Day 2. The Lamb, the Conquering Lion (Revelation 5:5)


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Agnus Dei, San Vitale, Ravenna (begun 532, consecrated 547A.D), mosaic, detail of  central ceiling medallion.
Agnus Dei, San Vitale, Ravenna (begun 532, consecrated 547A.D), mosaic, detail of  central ceiling medallion.

In this heavenly throne room, the One on the throne holds a scroll sealed with seven seals. We'll look at the Lamb who was slain on Day 3, and the scroll on Day 4. But today we'll focus on the description of the Lamb as a Lion.  

There is consternation in heaven regarding who is worthy to open the scroll and break its seals. Then one of the twenty-four elders says:

"Weep no more;
behold, the Lion of the tribe of Judah,
the Root of David, has conquered,
so that he can open the scroll and its seven seals.
And I saw a Lamb standing,
as though it had been slain...." (Revelation 5:5-6a)

What a description! What a paradox! The Lion who is a Lamb!

The Lion of the Tribe of Judah (Revelation 5:5a)

Far back into the time of the Patriarchs in Jacob's prophetic blessing over his sons, he refers to the tribe of Judah as a lion  (Genesis 49:8-12). A lion was -- and still is -- considered the most dangerous predator in the land. Flocks are attacked and ravaged. Lone individuals in the hills are at risk. Children are in danger if they stray far from home. Where I live in California, joggers on rural trails have been attacked and killed by mountain lions, even near neighborhood homes.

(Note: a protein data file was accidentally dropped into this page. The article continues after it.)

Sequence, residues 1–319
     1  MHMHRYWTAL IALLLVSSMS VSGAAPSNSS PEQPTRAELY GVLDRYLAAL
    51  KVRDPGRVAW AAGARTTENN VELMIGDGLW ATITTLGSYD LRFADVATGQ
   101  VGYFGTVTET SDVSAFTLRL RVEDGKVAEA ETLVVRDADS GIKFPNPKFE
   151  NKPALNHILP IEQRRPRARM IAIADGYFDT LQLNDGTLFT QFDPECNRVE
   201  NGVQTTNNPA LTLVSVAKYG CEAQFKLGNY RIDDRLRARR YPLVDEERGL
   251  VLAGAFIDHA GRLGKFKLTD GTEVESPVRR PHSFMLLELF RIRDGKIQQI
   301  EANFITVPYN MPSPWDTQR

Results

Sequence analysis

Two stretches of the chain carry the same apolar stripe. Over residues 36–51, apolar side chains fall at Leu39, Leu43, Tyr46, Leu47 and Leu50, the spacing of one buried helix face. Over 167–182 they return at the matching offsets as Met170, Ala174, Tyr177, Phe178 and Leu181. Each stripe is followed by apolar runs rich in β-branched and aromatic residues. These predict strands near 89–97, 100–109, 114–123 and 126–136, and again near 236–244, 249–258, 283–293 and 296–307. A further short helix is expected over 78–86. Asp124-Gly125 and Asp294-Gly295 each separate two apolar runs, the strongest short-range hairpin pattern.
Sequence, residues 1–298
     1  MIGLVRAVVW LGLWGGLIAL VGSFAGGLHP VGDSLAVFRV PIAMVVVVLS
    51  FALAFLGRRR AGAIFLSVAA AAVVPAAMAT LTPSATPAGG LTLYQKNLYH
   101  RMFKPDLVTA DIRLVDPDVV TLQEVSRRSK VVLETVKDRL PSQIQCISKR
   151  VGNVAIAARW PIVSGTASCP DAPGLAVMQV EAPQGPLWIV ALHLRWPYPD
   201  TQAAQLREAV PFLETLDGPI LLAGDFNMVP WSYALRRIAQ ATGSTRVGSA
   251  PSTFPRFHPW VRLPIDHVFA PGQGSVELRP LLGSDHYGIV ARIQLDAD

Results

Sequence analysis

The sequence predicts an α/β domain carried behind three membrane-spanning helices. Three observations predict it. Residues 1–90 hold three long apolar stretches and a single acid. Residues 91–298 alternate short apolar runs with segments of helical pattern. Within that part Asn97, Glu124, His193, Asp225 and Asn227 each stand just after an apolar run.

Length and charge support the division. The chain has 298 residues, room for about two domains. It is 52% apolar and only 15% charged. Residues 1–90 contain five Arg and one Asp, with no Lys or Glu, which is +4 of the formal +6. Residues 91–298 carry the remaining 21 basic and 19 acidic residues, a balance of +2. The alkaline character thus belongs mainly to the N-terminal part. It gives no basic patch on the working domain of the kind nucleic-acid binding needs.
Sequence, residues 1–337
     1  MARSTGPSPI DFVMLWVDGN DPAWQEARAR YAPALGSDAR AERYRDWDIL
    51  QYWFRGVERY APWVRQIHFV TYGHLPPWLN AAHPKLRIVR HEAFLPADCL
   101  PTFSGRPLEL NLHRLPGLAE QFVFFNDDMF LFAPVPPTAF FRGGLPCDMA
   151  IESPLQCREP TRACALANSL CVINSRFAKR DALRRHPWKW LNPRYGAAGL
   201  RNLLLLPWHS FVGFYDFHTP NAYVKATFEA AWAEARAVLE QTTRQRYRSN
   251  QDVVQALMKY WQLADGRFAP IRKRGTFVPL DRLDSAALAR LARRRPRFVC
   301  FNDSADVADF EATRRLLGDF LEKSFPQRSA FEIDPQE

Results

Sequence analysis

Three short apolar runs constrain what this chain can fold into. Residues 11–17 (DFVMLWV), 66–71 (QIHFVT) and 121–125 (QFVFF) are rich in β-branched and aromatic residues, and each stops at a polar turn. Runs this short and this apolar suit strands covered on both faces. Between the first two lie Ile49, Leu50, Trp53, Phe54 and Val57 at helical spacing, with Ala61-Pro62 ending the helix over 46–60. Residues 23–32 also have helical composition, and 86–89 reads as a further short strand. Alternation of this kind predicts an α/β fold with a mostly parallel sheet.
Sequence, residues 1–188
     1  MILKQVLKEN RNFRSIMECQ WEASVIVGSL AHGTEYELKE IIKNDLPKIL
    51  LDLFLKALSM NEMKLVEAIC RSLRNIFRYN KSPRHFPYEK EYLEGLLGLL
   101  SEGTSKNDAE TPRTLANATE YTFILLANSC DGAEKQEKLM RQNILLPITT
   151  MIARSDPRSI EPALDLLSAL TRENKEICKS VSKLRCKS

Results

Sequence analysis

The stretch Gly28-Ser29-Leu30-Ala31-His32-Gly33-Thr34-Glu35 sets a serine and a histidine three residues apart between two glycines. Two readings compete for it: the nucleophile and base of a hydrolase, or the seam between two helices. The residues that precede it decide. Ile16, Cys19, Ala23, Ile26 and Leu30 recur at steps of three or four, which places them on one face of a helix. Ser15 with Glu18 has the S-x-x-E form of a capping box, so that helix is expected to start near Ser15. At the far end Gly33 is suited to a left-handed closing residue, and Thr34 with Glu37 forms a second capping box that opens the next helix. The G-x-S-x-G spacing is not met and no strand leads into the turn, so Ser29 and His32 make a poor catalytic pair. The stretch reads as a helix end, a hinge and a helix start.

In his novel The Lion, the Witch, and the Wardrobe (1950), C. S. Lewis introduces the lion Aslan as the ruler of the mythical kingdom of Narnia -- a clearly Messianic allusion. In the story, Susan asks Mr. Beaver, "Is he safe?" Mr. Beaver replies, "Safe? Who said anything about safe? 'Course he isn't safe. But he's good. He's the King."

In Israel, the lion is indeed the king of beasts -- the embodiment of strength and kingship, one who is to be feared. And so, according to Genesis 49:8-12, the "lion", a descendant of Judah, will rule over his brothers, over all Israel. Jesus' earthly father Joseph is descended from the tribe of Judah and qualifies him to fulfill this prophecy and to reign over Israel.

The Root of David (Revelation 5:5b)

The elder also calls him "the root of David." This reference is to a Messianic prophecy in Isaiah that promises that a descendant of King David will reign, not just over Israel, but over all the peoples of the world (Isaiah 11:1, 10). Jesus the Lamb is heir to both Joseph's promise of a lion who will rule and Isaiah's promise of the Root of David who will rule the nations.

The Lion Who Conquers (Revelation 5:5c)

Most important in the elder's words is the declaration of victory, of overcoming, of conquering.

"The Lion of the tribe of Judah,
the Root of David,
has conquered...." (Revelation 5:5)

"Conquer" is one of the most important keywords found throughout the Book of Revelation. The verb nikaō, translated variously "overcome" or "conquer," means, "to win in the face of obstacles, be victor, conquer, overcome, prevail."1 Each of the Seven Letters to the Churches in Revelation 2 and 3 concludes with a promise to "the one who conquers."2 Later, John declares that believers conquer the devil by "the blood of the Lamb" and by their testimonies (Revelation 12:11). Ultimately, those who make war on the Lamb will feel his power: "the Lamb will conquer them, for he is Lord of lords and King of kings" (Revelation 17:14, Day 16).

Jesus tells his disciples: